Oxford Inscriptions: Laboratories in South Parks Road

Two inscriptions and a Royal Society of Chemistry plaque on the former Dyson Perrins Laboratory

Waterhouse inscription


[I, Waterhouse, a Balliol man. made this. O if only it were better!]

The Dyson Perrins Laboratory opened in 1915, and If you extract all the large letters (LLI L I CI D CV I M LIV) and reorder them from the largest in value to the smallest, they give the year the building was opened (but are not a proper roman numeral):

M (1000) + D (500) = 1500 + CC (100 twice) = 1700, + LLLL (50 four times) = 1900 + V V (5 twice) = 1910 + IIIII (1 five times) = 1915

It was designed by Paul Waterhouse. HYDATOECUS is a Latinized Greek word meaning waterhouse and has been used to fit the chronogram: but should probably be HYDRATOECUS

Wikipedia: Dyson Perrins Laboratory

Dyson Perrins

P    R
R   S

with duplicated letters omitted]

Charles William Dyson Perrins, the heir to the Lea & Perrins Worcester sauce company, endowed this laboratory. To find his surname in this inscription you have to read the PER down the left-hand side, and then the RINS down the right-hand side.

William Henry Perkin was the Waynflete Professor of Chemistry from 1912 to 1929. To find his surname, you have to read the PER down the left-hand side as before, then go horizontally across the middle to find the KIN.

This building ceased to be the organic chemistry laboratory in 2003 and is now the Oxford University Centre for the Environment.

Dyson Perrins Laboratory


Royal Society of Chemistry
National Historical Chemical Landmark

Dyson Perrins Laboratory
University of Oxford

This laboratory was a major centre for Organic Chemistry from 1916–2003

It had only four Heads in that time, the Waynflete Professors W H Perkin Jnr, Sir Robert Robinson OM, Sir Ewart Jones, and Sir Jack Baldwin

Sir Robert was awarded the Nobel Prize in 1947 for work done here
on natural products

24 September 2004

Three Royal Society of Chemistry (RSC) plaques on the Inorganic Chemistry Laboratory

Glucose sensor




RSC | Advancing the Chemical Sciences
National Chemical Landmark

Glucose sensor

In this laboratory on 20th July 1982,
Allen Hill, Tony Cass and Graham Davis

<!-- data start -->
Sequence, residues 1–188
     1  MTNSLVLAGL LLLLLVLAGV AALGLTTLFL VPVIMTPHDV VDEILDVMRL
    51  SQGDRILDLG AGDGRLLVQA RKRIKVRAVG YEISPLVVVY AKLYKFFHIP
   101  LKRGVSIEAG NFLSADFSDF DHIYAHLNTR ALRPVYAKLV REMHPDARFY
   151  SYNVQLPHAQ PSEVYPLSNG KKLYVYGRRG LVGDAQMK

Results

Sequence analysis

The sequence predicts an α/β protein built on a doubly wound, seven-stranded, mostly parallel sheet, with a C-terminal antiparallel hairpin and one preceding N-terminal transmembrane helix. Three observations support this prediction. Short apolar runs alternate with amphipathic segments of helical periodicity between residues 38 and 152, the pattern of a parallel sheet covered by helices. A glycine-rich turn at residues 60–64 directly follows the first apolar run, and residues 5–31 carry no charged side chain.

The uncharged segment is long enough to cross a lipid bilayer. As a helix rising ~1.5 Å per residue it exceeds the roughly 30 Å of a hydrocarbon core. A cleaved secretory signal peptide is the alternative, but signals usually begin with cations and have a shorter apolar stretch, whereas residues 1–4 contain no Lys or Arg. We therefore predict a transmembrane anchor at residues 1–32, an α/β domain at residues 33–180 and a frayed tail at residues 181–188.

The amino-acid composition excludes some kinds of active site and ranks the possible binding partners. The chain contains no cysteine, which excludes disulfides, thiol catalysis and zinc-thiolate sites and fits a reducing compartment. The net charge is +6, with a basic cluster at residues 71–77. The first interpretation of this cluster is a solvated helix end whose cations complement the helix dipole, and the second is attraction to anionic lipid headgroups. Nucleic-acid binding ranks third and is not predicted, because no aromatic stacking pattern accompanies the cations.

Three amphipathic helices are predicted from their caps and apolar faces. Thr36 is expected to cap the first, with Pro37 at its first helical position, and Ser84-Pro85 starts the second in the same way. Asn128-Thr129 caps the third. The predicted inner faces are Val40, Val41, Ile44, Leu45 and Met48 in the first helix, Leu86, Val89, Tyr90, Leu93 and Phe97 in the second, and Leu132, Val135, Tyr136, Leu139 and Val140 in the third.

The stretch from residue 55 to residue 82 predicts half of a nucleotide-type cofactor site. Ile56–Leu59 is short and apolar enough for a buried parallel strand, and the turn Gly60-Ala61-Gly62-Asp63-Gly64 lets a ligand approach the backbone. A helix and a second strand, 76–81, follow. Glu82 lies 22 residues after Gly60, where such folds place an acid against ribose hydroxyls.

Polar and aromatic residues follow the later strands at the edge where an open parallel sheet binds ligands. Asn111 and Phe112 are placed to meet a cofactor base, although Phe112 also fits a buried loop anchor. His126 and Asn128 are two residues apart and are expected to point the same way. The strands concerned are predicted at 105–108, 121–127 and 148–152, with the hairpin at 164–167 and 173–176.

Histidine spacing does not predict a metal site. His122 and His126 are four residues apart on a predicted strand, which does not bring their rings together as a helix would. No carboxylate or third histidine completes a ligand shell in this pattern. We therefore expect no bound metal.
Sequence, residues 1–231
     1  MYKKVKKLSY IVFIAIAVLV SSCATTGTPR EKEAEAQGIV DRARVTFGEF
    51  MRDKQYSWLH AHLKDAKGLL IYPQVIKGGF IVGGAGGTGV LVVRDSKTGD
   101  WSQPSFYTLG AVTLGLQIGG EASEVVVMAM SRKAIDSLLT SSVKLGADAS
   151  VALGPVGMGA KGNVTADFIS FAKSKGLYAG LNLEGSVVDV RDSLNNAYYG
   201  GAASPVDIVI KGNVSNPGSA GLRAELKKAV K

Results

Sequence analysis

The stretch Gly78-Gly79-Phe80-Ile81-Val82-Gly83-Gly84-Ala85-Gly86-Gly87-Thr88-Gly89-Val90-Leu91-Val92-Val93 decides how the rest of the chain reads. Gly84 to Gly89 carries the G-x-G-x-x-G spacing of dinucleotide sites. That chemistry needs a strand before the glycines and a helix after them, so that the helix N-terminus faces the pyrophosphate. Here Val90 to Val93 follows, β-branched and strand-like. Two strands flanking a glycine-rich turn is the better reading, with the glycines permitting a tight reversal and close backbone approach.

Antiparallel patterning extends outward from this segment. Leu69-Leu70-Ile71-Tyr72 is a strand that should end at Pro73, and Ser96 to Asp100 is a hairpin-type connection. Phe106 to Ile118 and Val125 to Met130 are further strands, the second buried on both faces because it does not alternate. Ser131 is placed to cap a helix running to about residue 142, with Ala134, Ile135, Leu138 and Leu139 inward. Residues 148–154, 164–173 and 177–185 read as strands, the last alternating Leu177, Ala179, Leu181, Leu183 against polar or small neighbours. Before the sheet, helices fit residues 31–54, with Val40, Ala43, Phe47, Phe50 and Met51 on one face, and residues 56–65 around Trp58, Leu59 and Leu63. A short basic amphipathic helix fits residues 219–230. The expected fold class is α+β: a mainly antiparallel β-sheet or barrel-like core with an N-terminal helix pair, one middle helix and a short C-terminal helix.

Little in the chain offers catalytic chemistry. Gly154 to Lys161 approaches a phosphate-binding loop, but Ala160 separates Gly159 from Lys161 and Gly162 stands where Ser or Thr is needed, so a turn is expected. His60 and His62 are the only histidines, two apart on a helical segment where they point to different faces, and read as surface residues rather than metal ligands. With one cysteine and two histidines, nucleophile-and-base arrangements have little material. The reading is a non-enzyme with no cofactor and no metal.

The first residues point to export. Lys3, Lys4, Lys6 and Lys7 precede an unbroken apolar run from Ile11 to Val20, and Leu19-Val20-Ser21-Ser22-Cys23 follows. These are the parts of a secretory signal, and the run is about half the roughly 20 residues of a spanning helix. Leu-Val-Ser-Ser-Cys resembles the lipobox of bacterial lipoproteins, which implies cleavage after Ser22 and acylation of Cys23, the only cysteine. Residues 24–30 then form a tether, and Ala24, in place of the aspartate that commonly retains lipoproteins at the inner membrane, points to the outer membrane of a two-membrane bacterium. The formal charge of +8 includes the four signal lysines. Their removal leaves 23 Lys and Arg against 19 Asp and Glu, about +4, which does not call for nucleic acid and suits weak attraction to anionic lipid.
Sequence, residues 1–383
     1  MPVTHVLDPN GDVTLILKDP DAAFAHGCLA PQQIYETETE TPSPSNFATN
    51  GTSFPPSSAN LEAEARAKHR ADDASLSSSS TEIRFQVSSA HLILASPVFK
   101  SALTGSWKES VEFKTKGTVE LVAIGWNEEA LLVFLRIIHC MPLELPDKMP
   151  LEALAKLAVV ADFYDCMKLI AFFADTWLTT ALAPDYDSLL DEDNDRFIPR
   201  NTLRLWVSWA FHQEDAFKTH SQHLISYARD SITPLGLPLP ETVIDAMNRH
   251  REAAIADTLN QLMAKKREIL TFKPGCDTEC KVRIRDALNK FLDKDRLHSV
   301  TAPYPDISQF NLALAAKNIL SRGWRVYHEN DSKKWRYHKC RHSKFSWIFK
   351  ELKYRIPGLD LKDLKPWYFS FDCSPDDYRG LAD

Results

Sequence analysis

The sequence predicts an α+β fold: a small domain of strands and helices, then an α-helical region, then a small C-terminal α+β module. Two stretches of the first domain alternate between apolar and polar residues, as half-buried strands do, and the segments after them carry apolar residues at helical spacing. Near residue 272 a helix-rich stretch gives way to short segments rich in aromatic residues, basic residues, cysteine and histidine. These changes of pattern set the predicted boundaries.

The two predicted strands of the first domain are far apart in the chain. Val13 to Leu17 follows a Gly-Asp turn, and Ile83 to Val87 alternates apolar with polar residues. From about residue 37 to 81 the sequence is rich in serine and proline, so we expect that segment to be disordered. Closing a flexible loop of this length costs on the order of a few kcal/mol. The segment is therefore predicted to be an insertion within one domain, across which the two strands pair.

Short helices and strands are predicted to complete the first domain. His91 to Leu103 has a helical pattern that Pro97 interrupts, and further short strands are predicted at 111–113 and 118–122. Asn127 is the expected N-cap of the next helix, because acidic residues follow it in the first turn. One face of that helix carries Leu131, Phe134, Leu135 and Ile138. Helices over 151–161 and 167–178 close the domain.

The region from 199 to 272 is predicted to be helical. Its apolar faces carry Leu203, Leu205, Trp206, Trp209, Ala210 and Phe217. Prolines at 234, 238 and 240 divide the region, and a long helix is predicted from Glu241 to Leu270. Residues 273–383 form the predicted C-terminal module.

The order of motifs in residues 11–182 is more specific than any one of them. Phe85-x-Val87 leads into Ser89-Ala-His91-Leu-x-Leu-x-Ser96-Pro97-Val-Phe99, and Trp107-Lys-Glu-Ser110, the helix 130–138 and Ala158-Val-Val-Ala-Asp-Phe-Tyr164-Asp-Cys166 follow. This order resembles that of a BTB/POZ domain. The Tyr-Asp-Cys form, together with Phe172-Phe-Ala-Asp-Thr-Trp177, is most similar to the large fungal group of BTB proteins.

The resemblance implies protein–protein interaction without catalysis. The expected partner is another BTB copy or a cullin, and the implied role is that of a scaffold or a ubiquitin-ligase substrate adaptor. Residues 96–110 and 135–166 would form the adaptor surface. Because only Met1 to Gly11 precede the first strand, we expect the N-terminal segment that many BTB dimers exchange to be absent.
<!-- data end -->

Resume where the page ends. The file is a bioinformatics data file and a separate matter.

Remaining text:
made the crucial discovery which led to
the development of a unique electronic
blood glucose sensor now used by
millions of diabetics worldwide.

16 July 2012





National Chemical Landmark

Dorothy Crowfood Hodgkin
Led pioneering work in this building from 1956–1972 and elsewhere in Oxford on the structures of antibiotics, vitamins and proteins including penicillin, vitamin B12 and insulin, using X-ray diffraction techniques for which she received the Nobel Prize in Chemistry in 1964

6 May 2014





RSC | Advancing the Chemical Sciences
National Chemical Landmark

Inorganic Chemistry Laboratory

where in 1980, John B. Goodenough with
Koichi Mizushima, Philip C. Jones and
Philip J. Wiseman identified the cathode material that enabled
development of the rechargeable
lithium-ion battery.
This breakthrough ushered
in the age of portable
electronic devices.

30 November 2010

Inorganic Chemistry Laborator

The middle plaque above appears to have replaced the 2001 plaque shown below

Dorothy Hodgkin

National Historic Chemical Landmark

The work of Dorothy Crowfoot Hodgkin
at the University of Oxford

In this building from 1956–1972 and at other
times elsewhere in the Oxford Science Area,
Professor Dorothy Crowfoot Hodgkin,
(1910–1994) OM, FRS, Nobel Laureate, led pioneering work on the structures of antibiotics, vitamins and proteins, including penicillin, vitamin B12 and insulin, using X-ray diffraction techniques. Many methods for solving crystal structures were developed taking advantage of digital computers from the very earliest days. The work provided a basis for much of present day molecular structure driven molecular biology and medicinal chemistry.

                14 May 2001               RS•C

Stephanie Jenkins, 2013